Things rarely heard from a suburban parent

Things rarely heard from a suburban parent

A friend recently forwarded an amusing Time Out article that included a list of things you’d never hear a parent say in New York City. I’d like to offer a suburban version, with the qualifying caveat that these are probably things you’d rarely hear a suburban parent say:

“Searching for a parking spot when three of my kids are late for their activities is so much fun. I’m sure one will open up soon and it’ll be incredibly close to where we need to go.”

“Awesome, the price of gas went up again. How about that? That’ll give us a chance to practice our math skills, guessing at the percentage increase in the cost of filling our tank.”

“An away game? Great. That gives us so much quality time to play a real-life version of an arcade game from our generation: Frogger.”

“You told your six friends we’d be driving? Fantastic, but you know our car only fits four, right?”

“Oh, hey, that’s a great idea. I’ll drive and you completely ignore me with a huge grin on your face while you type into your electronics. I thoroughly enjoy talking to myself.”

“You need one purple sock, one red sock and a Dr. Seuss hat in the next 20 minutes? Sure, no problem.”

“Why would my child need to sign up for another activity?”

“You hear that? Ah, yes, the leaf blower and the car alarm. Early morning music for the whole family.”

“Of course we can go to the new frozen yogurt place for breakfast.”

“Hey, I understand. Your son needed to practice his hitting outside at 6 a.m. because he has a big game. Well, good luck to him.”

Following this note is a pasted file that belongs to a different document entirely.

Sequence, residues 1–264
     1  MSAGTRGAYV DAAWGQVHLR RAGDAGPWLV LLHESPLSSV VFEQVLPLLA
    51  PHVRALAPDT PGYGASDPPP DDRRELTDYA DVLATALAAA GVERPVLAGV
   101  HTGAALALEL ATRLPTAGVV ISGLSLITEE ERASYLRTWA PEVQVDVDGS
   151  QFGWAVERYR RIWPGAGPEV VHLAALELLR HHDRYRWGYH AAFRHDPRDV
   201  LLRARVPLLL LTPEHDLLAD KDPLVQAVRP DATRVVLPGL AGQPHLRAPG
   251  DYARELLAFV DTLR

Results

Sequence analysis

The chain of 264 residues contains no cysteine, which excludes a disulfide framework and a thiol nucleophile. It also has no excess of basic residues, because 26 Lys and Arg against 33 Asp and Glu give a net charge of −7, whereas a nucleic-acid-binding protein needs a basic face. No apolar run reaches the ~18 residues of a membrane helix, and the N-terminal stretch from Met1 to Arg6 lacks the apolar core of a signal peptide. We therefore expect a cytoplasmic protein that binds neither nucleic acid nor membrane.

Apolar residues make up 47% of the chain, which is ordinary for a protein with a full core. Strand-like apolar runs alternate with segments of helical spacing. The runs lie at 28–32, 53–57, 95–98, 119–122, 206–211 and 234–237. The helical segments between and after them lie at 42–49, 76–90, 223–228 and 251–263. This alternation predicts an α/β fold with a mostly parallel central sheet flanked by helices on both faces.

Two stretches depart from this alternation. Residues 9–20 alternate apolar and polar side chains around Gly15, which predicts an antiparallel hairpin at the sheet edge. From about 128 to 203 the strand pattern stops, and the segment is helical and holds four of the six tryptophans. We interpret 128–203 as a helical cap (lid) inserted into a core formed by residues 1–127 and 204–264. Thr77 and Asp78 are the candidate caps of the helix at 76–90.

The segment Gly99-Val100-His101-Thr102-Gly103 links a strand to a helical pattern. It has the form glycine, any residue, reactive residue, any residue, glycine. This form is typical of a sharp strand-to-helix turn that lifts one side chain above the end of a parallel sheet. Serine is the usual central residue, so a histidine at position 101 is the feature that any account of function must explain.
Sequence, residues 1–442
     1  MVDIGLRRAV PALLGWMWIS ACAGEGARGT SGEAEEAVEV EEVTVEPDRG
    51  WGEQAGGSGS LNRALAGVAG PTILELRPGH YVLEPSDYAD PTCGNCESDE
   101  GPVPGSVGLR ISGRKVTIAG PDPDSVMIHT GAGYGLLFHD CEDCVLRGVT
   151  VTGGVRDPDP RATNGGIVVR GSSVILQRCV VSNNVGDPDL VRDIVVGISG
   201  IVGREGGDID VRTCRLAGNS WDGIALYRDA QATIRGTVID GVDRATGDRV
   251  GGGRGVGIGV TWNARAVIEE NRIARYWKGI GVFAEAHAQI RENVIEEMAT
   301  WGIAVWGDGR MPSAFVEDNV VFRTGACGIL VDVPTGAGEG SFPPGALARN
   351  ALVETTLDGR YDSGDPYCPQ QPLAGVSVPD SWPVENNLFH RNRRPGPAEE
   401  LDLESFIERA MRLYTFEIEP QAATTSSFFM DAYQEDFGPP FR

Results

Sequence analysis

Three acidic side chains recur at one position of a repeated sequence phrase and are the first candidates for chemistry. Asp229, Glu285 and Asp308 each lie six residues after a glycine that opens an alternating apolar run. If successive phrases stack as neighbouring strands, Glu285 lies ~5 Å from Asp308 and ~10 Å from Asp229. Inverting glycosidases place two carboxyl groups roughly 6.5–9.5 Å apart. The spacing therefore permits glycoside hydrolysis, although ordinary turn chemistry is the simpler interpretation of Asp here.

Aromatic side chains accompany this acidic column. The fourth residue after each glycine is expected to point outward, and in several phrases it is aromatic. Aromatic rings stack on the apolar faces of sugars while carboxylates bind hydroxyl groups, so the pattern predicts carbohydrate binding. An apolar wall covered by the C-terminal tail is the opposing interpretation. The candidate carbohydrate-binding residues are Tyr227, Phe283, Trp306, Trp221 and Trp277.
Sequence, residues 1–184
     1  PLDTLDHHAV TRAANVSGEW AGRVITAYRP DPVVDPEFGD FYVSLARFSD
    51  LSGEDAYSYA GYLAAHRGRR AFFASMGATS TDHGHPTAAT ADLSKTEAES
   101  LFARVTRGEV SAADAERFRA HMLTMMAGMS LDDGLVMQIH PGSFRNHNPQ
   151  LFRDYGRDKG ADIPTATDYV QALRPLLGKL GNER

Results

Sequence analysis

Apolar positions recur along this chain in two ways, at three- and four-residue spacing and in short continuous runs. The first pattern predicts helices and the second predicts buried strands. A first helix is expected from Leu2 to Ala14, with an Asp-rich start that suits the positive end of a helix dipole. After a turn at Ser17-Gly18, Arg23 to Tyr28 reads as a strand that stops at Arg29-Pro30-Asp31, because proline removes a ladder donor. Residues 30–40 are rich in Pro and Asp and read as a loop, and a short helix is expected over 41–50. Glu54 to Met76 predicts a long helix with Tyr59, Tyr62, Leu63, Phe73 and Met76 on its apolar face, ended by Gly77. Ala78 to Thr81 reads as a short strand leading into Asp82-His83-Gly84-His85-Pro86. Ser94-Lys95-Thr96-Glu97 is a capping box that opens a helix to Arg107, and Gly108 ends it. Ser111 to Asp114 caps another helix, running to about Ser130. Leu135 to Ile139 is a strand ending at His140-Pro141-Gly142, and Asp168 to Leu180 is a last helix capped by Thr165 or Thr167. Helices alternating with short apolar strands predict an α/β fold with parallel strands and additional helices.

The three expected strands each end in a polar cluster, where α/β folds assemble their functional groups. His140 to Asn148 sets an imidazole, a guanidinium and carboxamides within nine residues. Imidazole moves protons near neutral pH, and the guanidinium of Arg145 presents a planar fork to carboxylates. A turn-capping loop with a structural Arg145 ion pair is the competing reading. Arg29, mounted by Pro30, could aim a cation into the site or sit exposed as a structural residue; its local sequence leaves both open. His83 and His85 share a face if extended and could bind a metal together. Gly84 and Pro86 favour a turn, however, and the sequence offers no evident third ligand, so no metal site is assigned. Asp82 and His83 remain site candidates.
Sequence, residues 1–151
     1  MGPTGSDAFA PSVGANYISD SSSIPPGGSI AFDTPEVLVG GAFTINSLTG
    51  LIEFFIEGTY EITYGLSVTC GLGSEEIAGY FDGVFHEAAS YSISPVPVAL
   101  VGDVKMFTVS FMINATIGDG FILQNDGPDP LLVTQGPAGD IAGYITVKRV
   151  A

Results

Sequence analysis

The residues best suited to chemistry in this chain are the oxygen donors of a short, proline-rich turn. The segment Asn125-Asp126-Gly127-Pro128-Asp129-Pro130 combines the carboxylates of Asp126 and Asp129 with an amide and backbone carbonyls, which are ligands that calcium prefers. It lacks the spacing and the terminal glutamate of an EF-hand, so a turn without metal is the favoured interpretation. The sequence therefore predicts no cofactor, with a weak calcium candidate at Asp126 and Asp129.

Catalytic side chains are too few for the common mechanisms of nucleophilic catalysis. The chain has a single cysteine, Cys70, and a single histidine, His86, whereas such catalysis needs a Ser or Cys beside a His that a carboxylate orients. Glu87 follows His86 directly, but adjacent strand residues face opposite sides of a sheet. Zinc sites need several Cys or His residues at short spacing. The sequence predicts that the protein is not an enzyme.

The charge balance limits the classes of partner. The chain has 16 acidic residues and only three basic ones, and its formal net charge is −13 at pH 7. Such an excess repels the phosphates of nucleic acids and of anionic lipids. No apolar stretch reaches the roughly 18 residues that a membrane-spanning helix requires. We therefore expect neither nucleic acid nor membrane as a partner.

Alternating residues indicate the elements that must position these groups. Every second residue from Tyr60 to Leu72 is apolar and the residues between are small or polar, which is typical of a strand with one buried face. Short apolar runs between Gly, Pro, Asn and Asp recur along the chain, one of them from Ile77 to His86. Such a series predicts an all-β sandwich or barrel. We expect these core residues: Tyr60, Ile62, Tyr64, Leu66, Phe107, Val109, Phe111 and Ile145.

“I’m sure we can find an art store that’s open at 11 p.m. tonight for a project that’s due tomorrow.”

“I don’t know how they do it. But every year they seem to put together exactly the right combination of kids for each class.”

“The teachers are just getting better and better. I’m sure all the tutors in this town are going to struggle to find students who need any extra help.”

“They have it so much harder than we did when we were young, poor dears.”

“Why, yes, I think we should change everything we do so that we can live like the Jones family. That’s a great idea, staying up until 2 a.m. on Monday nights. I’m not sure why we didn’t think of that sooner.”

“The older generation looks so much better in selfies than the younger one.”

“Fantastic, you’ve signed up for a team with all the same players for another season. That means the same parents will all get to hang out together and watch the same set of neuroses unfold during each quarter of the game.”

“They’ve added more standardized testing? What an incredible opportunity to learn and grow. You’re going to be so much further ahead than children in Japan, who are wasting their time with new material every day.”

“I’d love to answer your question, honey, but I’m not sure if there’s anywhere around here that I can get coffee first.”

“I’m sure there’s a great restaurant open close by at 11 p.m. on a Monday night that’ll be thrilled to have our team of 25 celebrate the end of another great season.”

“Oh, great, here comes Sheila, whose kids are so much better than mine, yours and those of everyone else. I can’t wait to hear about all the awards her kids have won this week.”

“So glad we were able to provide such a complete meal for the raccoons last night.”

“Absolutely. Everything is just perfect in the suburbs.”